Here is the larger version - this is 20" x 16" - following on from the smaller study that I posted yesterday. There are one or two small compositional differences: I added the cow, top right-ish, which is turning and licking his leg as a device to try and turn the eye of the viewer back into the painting. I also added an additional log (or rock) in the foreground as it was rather a large amount of space to fill with grasses and shrubs.
I still painted this using "big bang" - I started top left and moved right and down one brush stroke at a time until it was all complete. The only bit I revisited was the modelling on the animal in the foreground, which needed considerably more work at this scale than it did in yesterday's study.
This was one of the technically more difficult pieces I have painted and I feel like I have learned lot. Apart from composition, the other tricky bit was colour mixing, because such a vast expanse of green needs thinking about. For reasons that I don't fully understand, if you look at a vast expanse of green, rolling fields in real life it looks perfectly alright - charming - beautiful, even. But if you paint a vast expanse of rolling green it is liable to look horribly artificial and phoney. I have no idea why, but it is so.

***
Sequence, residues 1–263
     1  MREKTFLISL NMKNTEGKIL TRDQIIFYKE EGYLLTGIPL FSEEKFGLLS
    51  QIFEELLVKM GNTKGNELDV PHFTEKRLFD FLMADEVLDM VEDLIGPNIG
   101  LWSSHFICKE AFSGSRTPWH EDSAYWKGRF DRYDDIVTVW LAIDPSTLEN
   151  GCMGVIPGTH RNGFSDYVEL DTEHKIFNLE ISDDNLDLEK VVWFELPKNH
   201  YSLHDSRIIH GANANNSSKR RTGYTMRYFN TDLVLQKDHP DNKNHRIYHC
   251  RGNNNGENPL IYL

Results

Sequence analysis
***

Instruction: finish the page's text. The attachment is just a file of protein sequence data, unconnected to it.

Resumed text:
The colours on my palette for grassy pasture were: cadmium green pale (W&N artists oils), transparent oxide red (to grey it down), Michael Harding's yellow ochre deep (other brands don't seem to hit the spot), titanium white and ultramarine. One thing I have learnt is that the result is always better if I keep yellow off the palette. Any proper yellow seems to make a green that on the canvas is very garish.